You’ve probably heard more than once about “virtual machines” and, if you’re reading this text, you’re probably not sure what exactly they are. Don’t be fooled by its mysterious name, because although its internal workings are very complex, the concept itself is simple and you use them every day .
A virtual machine is nothing more than software capable of loading another operating system inside, making it believe that it is a real PC. As its name indicates, the concept is as simple as creating a machine (PC, console, mobile, or whatever) that instead of being physical is virtual or emulated.
What is a virtual machine?
Now that it’s clear to us that a virtual machine isn’t some machine full of gears with a virtual reality headset, but software, let’s go into more detail about what virtual machines are.
The first thing you should know is that there are two types of virtual machines differentiated by their functionality: system ones and process ones, although the vast majority of the times that you hear about a virtual machine they will almost certainly be referring to those of system.
System virtual machines
A system virtual machine emulates a complete computer. In plain words, it is software that can impersonate another device -such as a PC- in such a way that you can run another operating system inside it. It has its own hard drive, memory, graphics card, and other hardware components, although they are all virtual.
That its components are virtual does not necessarily mean that they do not exist. For example, a virtual machine might have reserved resources of 2 GB of RAM and 20 GB of hard disk, which come from somewhere: the PC where the virtual machine is installed, also sometimes called the hypervisor, the host, or the host. Other devices may be physically non-existent, such as a CD-ROM that is the content of an ISO image instead of a real CD drive.
To the operating system running inside the virtual machine, all of this emulation is transparent and invisible. Everything works the same as if it were running on a normal PC, without you knowing that you are bubbled up within another operating system. Nothing prevents you from doing like in the movie Inception / Origin and creating another virtual machine inside the previous virtual machine.
In its bubble, the virtual machine cannot access the rest of the data on the host machine despite being physically running on it, they are isolated. However, the main virtual machine applications such as VirtualBox or VMWare have shortcuts and tools to facilitate the task of moving files from one machine to another.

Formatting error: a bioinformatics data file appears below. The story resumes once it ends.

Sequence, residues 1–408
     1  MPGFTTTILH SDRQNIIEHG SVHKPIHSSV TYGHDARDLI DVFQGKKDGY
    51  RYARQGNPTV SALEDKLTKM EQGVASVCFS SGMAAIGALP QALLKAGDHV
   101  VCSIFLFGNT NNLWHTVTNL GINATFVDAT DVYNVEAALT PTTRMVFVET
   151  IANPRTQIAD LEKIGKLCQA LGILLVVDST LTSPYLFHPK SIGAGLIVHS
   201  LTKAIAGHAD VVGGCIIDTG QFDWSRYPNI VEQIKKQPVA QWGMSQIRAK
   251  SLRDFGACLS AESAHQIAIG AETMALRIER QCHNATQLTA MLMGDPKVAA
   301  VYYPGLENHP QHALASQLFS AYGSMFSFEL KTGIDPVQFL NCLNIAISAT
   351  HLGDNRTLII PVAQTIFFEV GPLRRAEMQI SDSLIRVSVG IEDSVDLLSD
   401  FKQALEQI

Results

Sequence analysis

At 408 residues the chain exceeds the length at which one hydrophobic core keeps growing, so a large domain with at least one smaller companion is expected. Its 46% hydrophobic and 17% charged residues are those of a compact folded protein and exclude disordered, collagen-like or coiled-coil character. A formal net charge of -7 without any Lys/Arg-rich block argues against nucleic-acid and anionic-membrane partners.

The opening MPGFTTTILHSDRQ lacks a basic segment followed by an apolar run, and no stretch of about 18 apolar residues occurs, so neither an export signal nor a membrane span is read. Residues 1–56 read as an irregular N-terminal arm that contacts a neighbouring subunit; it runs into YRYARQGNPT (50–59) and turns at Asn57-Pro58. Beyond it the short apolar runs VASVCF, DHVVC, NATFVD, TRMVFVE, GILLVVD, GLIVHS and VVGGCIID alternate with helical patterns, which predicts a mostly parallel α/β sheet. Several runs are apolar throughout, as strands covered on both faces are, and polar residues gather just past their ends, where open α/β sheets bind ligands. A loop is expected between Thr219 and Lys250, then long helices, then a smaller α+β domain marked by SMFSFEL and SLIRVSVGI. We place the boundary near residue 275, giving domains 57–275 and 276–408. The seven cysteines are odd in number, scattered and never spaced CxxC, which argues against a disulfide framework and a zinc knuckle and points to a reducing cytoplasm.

To function, a virtual machine maps the virtual devices it offers its guests to the actual devices present on the physical machine. For example, the machine may be emulating a 16-bit Sound Blaster sound card, although it’s connected to your laptop’s motherboard’s internal Realtek sound card.
Virtualization can be software or hardware-supported, in which case better performance is achieved. Since 2005 it has been common for processors to have hardware virtualization technology, although it is not always activated by default in the BIOS.
Compute virtual machines
A process virtual machine is less ambitious than a system one. Instead of completely emulating a PC, it runs a specific process, such as an application, in its runtime environment. It sounds a bit esoteric, but you use it every time you run a Java-based or .NET Framework-based application.
This is useful when developing applications for various platforms because instead of having to program specifically for each system, the execution environment (that is, the virtual machine) is in charge of dealing with the operating system.
Compute virtual machines allow you to enjoy applications that behave the same on platforms different from Windows, Mac, or Linux, but you as a user usually don’t pay much attention to them. For this reason, unless you are a programmer, generally when we talk about virtual machines we are referring to system ones.
What are virtual machines used for?
This is all well and good, but why would anyone want to create a virtual PC inside their PC? Although this may seem like a somewhat trivial idea at first, the truth is that virtual machines have a wide variety of uses both in the professional environment and in that of the final consumer. These are the main uses:
To be able to test other operating systems. Installing an operating system on your PC is a long, boring process that is difficult to reverse if you are not satisfied with the results. Thus, when there is a new version of Windows, it is easier and safer to test it by installing it on a virtual machine than on your hard drive. If something goes wrong, you delete it and that’s it, without risking losing a lot of time or your data.
To run old programs. What happens when your business depends on software that hasn’t been updated for 20 years? If you cannot modernize the software, you have no choice but to continue loading it in an operating system of its time. With a virtual machine, this old system can run on current hardware instead of a junk PC. The same can be applied to old games that have stopped working on modern hardware or software.